Something About Daisy

Daisy at risk of a Winterbourne frost
Daisy at risk of a Winterbourne frost

Yesterday I had the very best discussion of Daisy Miller, the novella by Henry James, that I have ever had with a class of juniors.   I have had this book on my reading list six times, and it was this year that the discussion was lively, honest, funny, and unlimited.


I can think of a couple of different reasons why this year was different.  Immediately prior to assigning the James we read another nineteenth century text, Ragged Dick: or Street Life in New York with the Boot-Blacks by Horatio Alger.  We are going to read The Great Gatsby next, so you can see my drift here – Crossing Social boundaries: how’s that working for you?

My students loved the Alger and felt just a bit cheated when Dick’s success comes not from his hard work and ingenuity but from a chance occurrence and his reaction to it.  And now they have read three of four chapters in the James.  It was clear from the discussion that no one had read to the end (one more chapter!) .  One young man asked if this was a cautionary tale and did Daisy end up in bordello somewhere.  Cautionary?  Probably.  Bordello?  No.

The big reason this year, I think

My class is made up of twelve boys and three girls.  Yes, that’s right.  Twelve very different thinkers and learners with lots of different strengths, but definitely male.  We were talking about idioms and euphemisms the other day, and one brought up the Bud Light “cut the cheese” commercial – which he enacted for me as I am television-challenged.  I laughed so hard I looked like Tammy Faye Baker, and he, of course, had to find it on YouTube to show me.  That’s my boys!  Well, I guess I’ve always thought that Daisy was a Chick Story because it is all about social mores and this girl who either doesn’t get or won’t try to get how she is scandalizing the American ex-pat community.  There is a lot more to the book than that, but that is usually where the class starts. Two years ago, in a class made up of thirteen über-smart girls and four boys, the girls all decided that Winterbourne was “a creeper.”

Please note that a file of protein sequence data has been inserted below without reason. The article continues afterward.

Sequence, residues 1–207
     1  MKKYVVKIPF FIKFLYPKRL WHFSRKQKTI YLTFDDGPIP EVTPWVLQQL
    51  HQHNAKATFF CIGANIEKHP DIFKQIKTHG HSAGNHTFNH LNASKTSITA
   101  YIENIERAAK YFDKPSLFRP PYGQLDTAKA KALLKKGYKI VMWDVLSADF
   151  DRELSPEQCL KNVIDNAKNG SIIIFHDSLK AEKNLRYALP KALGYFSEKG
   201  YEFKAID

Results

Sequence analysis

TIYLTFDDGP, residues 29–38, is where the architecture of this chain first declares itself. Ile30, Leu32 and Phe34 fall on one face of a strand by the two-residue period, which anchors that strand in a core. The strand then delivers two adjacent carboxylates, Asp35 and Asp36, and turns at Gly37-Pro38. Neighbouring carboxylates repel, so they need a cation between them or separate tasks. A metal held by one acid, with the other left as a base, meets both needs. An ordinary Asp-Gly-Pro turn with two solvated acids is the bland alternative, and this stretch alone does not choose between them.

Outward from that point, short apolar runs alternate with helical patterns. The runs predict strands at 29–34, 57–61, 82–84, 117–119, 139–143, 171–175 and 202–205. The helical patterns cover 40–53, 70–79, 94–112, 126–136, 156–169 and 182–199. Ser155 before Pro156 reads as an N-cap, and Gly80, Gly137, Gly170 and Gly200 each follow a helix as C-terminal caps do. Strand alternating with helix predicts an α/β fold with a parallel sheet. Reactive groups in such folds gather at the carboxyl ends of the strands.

But it’s not a Chick Book.

It’s a Guy Book.  They totally identified with Winterbourne.  They completely got how baffled he was by Daisy – how attracted and repelled, how teased and unsatisfied, how jealous yet unwilling to pay the social cost to secure her affection.

I had the best time in class, and who would have thought it possible at 2:00 pm on a freezing Friday afternoon at the end of the first week of the new semester?

Daisy photo by flickr member aussiegall

3 Comments Add yours

  1. Happy birthday to the twins!

  2. Paul C says:

    Love to read about the engagement you provided for the diverse interests in your classes. I must look up Daisy Miller from the master.

  3. Kate Tabor says:

    @ Michael – Thanks for the birthday greetings. I know that it is a big day for the girls, but for me it was a life-changing day, 12 years ago, when I realized why I have two arms if nothing else.

    @Paul – teaching a room full of boys is fun, and they like to do stuff that the girls don’t quite geek out about. We created a google map of all the real places that Horatio Alger references in his book. It livened that book for a bunch of them. “You mean these places are real?” Indeed!

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